The ideal is to have enough money put aside that you can pay your bills (including food and fuel) for 6 months. That’s a pretty daunting thought isn’t it! For my family that would be $18,000 if you were to look at our current household budget but that is not getting rid of anything and living as we are right now. As much as I’d like to be to that point someday the truth is my husband and I talk about these things on an unplanned annual meeting (more like idle conversation) and we talk about what can be turned off, what payments can we lower because we are currently paying more than the minimum and what action would we take if something big happened. It may sound like we are all doom and gloom but having that plan is no different than talking to your children about what should they do if there is a fire in the house. It doesn’t mean there will be a fire in the house but rather it is a plan to try and help you come through safely.

My course of action of trying to build our “Oh **** Fund” is a pretty simple one. Each year I try to raise the amount in our savings. If we had $100 in the bank account and we got some sort of state for federal return I’d say, “I want to keep the bank account at $500”. By saying this I am saying that unless there is an emergency (a car breaking down, someone is sick, etc.) that we do not touch this amount. We do not go out to eat saying to ourselves that we will pay ourselves back later. For some people it may be better to put this money into an actual savings account so that you can’t write checks or use a credit card to access it. Each individual has to decide truthfully how much willpower they have and how good they are at keeping their records up to date. The goal is that even if something happens and you have to tap into it that you bring it up to that amount again as soon as possible. So let’s say you have $700 in the bank but your car repair is going to cost you $250. If the $700 was money saved (not for bills) and you had told yourself that $500 was your emergency fund then count it as $450 left in your emergency fund the goal is to tap as little into this fund as possible and then build it back up as soon as you can even if it is just emptying the change in your pockets into a jar saving something is better than nothing!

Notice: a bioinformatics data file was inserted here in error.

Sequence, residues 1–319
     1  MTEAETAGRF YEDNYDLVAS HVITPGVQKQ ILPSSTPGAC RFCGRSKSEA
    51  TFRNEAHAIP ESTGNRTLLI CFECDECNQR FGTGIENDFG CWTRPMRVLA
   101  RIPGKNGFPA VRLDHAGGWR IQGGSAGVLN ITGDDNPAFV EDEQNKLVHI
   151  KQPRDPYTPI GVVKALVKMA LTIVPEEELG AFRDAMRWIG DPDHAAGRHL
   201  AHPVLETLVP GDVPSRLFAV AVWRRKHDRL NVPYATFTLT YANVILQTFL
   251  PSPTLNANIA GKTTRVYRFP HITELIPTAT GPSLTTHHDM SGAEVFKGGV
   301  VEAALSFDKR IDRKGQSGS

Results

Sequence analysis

The other problem many people run into is they look at things like, “Oh that’s a cute pair of shoes and they are normally $50 and I can get them for $10!” Big mistake if you don’t need them and if you don’t have money put aside into a clothing budget (which I suggest you make, especially if you have children). While that might be a really great deal if you haven’t saved money in your clothing budget or you aren’t willing to use your entertainment money (I also suggest budgeting for entertainment so you don’t become burnt out working constantly without some downtime) then put the shoes down and walk away.

For some people using an envelope system works the best. They can put cash in each category to make sure there is enough. I don’t quite trust having that much cash around me so work electronically. You can use a program like Microsoft Money or you can easily write it down or use Excel to help track your budget, actual expenses, and potential and actual savings.  There are two clear ways to go about using these systems either 1. You can do a roll over system that means if money was not used in one category that it can be saved in that category (works best with the envelope system) for the next month so maybe if you didn’t buy any clothes last month and put money aside then this month you would have more money. Or my personal method is money not used goes into savings to rebuild or increase my “Oh **** Fund”.

The goal here is financial stability but that does not mean you will be off of all government resources but hopefully what it will mean is you won’t find yourself at family and friends doors asking for help or at the pawn shop. My dearest hope is that people will find a way to put a little bit of money to the side so if their car breaks down or someone needs to go to the dentist or doctor that it will not be beyond your reach because your health and a stable household help with lowering the overall stress inside the home and therefore help increase a happy family lifestyle. Many relationship problems spring from financial problems and it’s a very sad reality but one that can be worked on.

Be willing to ask yourself the hard questions and learn to be honest with yourself and practice self-control. The truth is there is no easy fix for everyone’s situation and luck does play a small part but it is only a small part. Ultimately hard work and determination will be the key factors.

Remember: What if…..

Eventually you might be asking yourself ‘what if’ in a more positive way.
What if you saved for a family vacation…